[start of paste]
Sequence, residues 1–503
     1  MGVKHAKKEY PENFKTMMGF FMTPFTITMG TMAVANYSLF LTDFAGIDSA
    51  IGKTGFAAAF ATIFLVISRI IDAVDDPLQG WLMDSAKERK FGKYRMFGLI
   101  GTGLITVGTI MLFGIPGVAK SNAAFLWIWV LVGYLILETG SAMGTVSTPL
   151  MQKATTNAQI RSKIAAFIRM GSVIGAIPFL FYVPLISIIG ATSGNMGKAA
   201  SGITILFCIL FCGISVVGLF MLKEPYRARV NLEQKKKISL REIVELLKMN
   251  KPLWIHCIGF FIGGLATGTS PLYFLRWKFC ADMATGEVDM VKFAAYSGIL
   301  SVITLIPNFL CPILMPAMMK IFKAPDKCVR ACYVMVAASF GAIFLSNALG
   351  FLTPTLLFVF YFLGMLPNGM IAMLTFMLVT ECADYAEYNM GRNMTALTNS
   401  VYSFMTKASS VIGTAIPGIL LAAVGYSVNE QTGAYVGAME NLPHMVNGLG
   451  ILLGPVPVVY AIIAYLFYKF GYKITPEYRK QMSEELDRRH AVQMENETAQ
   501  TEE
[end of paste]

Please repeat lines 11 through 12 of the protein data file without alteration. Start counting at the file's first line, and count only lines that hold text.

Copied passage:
   451  ILLGPVPVVY AIIAYLFYKF GYKITPEYRK QMSEELDRRH AVQMENETAQ
   501  TEE